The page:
#### High alignment at long length scales is driven by linear chains of cells.

To understand the junction structure of a cell population better, we represented the simulated cell populations as graphs, where cells and connections between them are represented by the nodes and edges of the graph respectively. This allows for a visual representation of the population structure as well quantification of graph properties, such as the number of junctions per cell (the degree of the node). For a cell to be of degree 0 means it has no connections to other cells, a degree 1 cell has a connection to one other cell, etc. For a given parameter set, we then produced 60 repetitions of the same numerical experiments (with random initial conditions) and inspected, at equilibrium, the correlation between the % of cells of a given degree with the alignment, Fig 8A, 8B and 8C. Strikingly, we found that for alignment, there is a strong negative correlation with % of degree 0 cells, a strong positive correlation with the % of degree 2 cells, and almost no correlation with the % of degree 1 cells. This means for high alignment (and high length scales of alignment) one needs few unconnected cells and many cells being connected to exactly 2 other cells. In example simulations, Fig 8D and 8E we see that, indeed, degree 2 cells form long chains that explain both the high alignment and the long alignment length scales.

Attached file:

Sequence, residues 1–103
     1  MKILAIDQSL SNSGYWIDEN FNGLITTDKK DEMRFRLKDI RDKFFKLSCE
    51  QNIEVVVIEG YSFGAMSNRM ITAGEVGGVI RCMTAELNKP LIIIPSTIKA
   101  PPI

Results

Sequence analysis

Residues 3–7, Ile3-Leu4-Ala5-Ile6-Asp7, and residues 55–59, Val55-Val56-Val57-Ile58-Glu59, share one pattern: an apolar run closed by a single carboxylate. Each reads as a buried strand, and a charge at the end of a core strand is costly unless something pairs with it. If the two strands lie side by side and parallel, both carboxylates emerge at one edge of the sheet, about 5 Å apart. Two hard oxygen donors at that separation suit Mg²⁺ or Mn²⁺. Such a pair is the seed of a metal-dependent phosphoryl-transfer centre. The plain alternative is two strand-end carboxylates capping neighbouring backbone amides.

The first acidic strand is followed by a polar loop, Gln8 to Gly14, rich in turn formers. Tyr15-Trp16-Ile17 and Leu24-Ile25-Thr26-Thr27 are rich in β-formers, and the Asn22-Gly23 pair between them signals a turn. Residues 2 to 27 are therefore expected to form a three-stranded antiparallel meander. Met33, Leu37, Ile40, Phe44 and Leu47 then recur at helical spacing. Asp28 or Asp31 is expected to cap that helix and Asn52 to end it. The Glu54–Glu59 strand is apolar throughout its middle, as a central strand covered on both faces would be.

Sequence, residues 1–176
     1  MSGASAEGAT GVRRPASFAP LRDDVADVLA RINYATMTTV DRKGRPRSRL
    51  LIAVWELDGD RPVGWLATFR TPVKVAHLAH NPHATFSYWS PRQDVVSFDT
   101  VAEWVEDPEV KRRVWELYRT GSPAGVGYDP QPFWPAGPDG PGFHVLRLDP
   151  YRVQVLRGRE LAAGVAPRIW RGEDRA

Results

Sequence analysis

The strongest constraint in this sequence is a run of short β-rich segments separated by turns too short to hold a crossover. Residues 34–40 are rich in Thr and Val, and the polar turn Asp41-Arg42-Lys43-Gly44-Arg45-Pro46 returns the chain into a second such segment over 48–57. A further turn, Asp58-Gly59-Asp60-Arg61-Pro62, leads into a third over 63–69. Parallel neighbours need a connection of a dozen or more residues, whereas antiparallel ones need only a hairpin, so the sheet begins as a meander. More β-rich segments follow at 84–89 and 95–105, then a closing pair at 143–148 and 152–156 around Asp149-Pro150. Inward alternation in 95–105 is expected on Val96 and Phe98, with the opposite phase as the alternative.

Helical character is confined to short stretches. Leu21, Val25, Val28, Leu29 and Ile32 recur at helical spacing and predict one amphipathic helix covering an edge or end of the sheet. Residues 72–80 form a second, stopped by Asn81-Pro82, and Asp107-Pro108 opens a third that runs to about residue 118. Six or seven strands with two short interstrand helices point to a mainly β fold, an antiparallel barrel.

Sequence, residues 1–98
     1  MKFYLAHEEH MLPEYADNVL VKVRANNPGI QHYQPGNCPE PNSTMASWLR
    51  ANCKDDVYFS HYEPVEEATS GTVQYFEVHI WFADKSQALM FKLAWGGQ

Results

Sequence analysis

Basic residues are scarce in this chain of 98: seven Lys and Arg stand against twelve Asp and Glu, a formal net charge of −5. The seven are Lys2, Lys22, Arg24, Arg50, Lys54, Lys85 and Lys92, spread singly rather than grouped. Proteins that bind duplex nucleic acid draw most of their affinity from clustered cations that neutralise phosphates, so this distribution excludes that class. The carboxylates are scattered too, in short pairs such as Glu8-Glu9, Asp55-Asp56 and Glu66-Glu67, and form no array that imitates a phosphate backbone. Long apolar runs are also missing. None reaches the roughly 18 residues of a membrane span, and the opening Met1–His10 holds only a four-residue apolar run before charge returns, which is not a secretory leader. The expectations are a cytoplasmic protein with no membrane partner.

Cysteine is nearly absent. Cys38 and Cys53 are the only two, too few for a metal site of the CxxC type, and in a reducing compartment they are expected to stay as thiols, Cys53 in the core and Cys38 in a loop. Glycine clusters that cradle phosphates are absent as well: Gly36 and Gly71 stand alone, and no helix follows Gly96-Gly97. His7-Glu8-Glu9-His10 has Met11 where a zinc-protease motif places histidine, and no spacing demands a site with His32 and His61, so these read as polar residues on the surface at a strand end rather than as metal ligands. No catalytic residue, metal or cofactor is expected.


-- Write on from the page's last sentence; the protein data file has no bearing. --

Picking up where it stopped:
A-C: Scatter plot of equilibrated alignment against % of cells of degree 0 (A), degree 1 (B) and degree 2 (C) at the final time point *T* = 400. Each black dots represents one simulation run. The blue triangle and the red dot mark the examples in D and E respectively. R gives the correlation coefficient and the dotted line gives the linear least squares fit. D,E: Examples marked in A-C in cell-view (left, red lines mark actin, colors and arrows as in Fig 2) and graph-view (right, dots mark cells/nodes, lines mark edges/junctions). See also S3 Video. Other parameters are *ν* = 0.5, *μ* = 5, *κ* = 1, λ = 0.2, *N* = 125, *L* = 20.

## 5 Discussion

### A flexible modelling framework

In this work we have developed a framework to mechanistically model the collective behaviour of active, elliptically shaped particles, that self-propel, avoid overlap, deform and form cell-cell junctions that communicate cytoskeletal forces. The framework is based on energy minimisation and can easily be extended or adapted to include e.g. other cell shapes or different types of cell-cell interactions. A strength of the framework is that the derived equations strike a useful balance between being complex enough to capture the desired phenomena, while being simple enough to be interpretable.

We simulated the emerging collective dynamics for a large ensemble of cells and analysed the numerical results with an emphasis on alignment dynamics. The main computational findings of this work are: